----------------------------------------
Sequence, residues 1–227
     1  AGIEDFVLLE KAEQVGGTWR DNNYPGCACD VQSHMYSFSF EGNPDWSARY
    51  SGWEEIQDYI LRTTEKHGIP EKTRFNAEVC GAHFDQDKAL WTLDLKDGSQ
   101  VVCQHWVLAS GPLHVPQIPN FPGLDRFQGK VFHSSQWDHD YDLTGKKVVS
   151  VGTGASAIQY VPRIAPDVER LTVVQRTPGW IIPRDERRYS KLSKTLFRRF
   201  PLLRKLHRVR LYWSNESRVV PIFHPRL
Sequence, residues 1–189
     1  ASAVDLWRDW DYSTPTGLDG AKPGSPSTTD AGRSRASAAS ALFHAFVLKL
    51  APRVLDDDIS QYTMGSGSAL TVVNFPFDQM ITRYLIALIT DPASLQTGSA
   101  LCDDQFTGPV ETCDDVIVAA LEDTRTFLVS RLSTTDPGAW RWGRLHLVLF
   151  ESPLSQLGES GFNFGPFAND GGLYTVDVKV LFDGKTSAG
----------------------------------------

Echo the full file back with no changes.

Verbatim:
Sequence, residues 1–227
     1  AGIEDFVLLE KAEQVGGTWR DNNYPGCACD VQSHMYSFSF EGNPDWSARY
    51  SGWEEIQDYI LRTTEKHGIP EKTRFNAEVC GAHFDQDKAL WTLDLKDGSQ
   101  VVCQHWVLAS GPLHVPQIPN FPGLDRFQGK VFHSSQWDHD YDLTGKKVVS
   151  VGTGASAIQY VPRIAPDVER LTVVQRTPGW IIPRDERRYS KLSKTLFRRF
   201  PLLRKLHRVR LYWSNESRVV PIFHPRL
Sequence, residues 1–189
     1  ASAVDLWRDW DYSTPTGLDG AKPGSPSTTD AGRSRASAAS ALFHAFVLKL
    51  APRVLDDDIS QYTMGSGSAL TVVNFPFDQM ITRYLIALIT DPASLQTGSA
   101  LCDDQFTGPV ETCDDVIVAA LEDTRTFLVS RLSTTDPGAW RWGRLHLVLF
   151  ESPLSQLGES GFNFGPFAND GGLYTVDVKV LFDGKTSAG